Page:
Gas also partners well with the growing use of renewables, certain of which suffer from intermittent availability. The operational flexibility of gas-fired power plants — fast restarts and fast build-up to full capacity — makes them a good match for renewables. Natural gas used to generate power emits only half as much greenhouse gas as its energy equivalent in coal. That makes gas an ally in the energy transition to carbon-neutral, less polluting economies.
Gas can also be a renewable energy. Biogas, obtained by treating agriculture, forest or any other organic waste source, has strong future potential. According to France's Association technique énergie environnement (ATEE), 750 million tons of oil equivalent (Mtoe) could be produced worldwide each year via methanation of municipal waste. Using agricultural by products would yield an energy content of roughly 1,000 Mtoe a year, enough to cover global gas consumption.
• For more on the subject: World Gas Conference 2018: The major challenges of natural gas
Gas, a cornerstone of Total's strategy
All these pluses are why gas is now a core focus in the growth strategy of Total, which, as stated in its latest climate report, factors climate change into its strategy. Natural gas as a share of Total's energy mix is expected to jump from 35 percent in 2005 to around 60 percent in 2035. As its Chairman and CEO Patrick Pouyanné often puts it, Total will become a "gas and oil major."
Total's strategy for gas is to be an integrated, world-class player. Total is one of the few industrial operators to have opted for integration across the value chain, from exploration to distribution. First gas on projects such as Yamal LNG in Russia, Ichthys LNG in Australia, Edradour in the West of Shetland area and Glenlivet in the northwest and the deployment of distribution in France via TOTAL Spring and Direct Energy testify to the company's ability to deploy technologies spanning everything from extraction and liquefaction to distribution.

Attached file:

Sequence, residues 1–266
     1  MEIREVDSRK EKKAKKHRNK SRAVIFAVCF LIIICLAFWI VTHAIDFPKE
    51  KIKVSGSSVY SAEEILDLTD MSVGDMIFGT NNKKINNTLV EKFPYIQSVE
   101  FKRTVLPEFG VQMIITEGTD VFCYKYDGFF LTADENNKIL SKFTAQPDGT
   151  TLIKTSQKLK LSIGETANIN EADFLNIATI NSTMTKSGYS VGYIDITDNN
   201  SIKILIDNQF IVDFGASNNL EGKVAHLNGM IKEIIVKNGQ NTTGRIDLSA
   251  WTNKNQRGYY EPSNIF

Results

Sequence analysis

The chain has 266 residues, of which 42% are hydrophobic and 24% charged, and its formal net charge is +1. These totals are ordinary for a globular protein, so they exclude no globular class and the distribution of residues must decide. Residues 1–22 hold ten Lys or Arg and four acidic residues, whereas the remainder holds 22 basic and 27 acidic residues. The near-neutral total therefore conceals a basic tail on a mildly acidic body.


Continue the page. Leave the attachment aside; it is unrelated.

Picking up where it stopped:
Following the recent acquisition of Engie's LNG business, Total is now the world's second-ranked liquefied natural gas operator, with a market share of around 10 percent (see infographic).
Farther downstream, Total has made strategic acquisitions such as Direct Energie, a supplier of natural gas and power to the French and Belgian markets, and a 25 percent stake in Clean Energy, the leading distributor of natural gas fuel for heavy-duty trucks in the United States. They prove Total's determination to help develop new gas uses, specifically transportation fuels, for cleaner mobility. The contract signed with CMA CGM, the first shipping company to equip its transcontinental container ships with LNG engines, is another example.
For more on the subject: Is natural gas really nothing more than a transition energy?
Lowering methane emissions
Rapid growth won't be possible without controlling the methane emissions associated with producing and transporting natural gas. Methane is a powerful greenhouse gas with a global warming potential (GWP) that the IPCC says is 25 times higher than CO2 over 100 years. So cutting emissions, mostly from leaks and releases (flaring and venting), is imperative to fight climate change.
For its part, Total is involved in the Climate & Clean Air Coalition7 and its Oil & Gas Methane Partnership. This initiative, which brings together several oil companies8, governments and NGOs, promotes the measurement, monitoring and reporting of methane emissions.
Still a relative newcomer to the global energy mix, natural gas will gain ground in a mix that is changing. It can address growing global demand and climate challenges at the same time.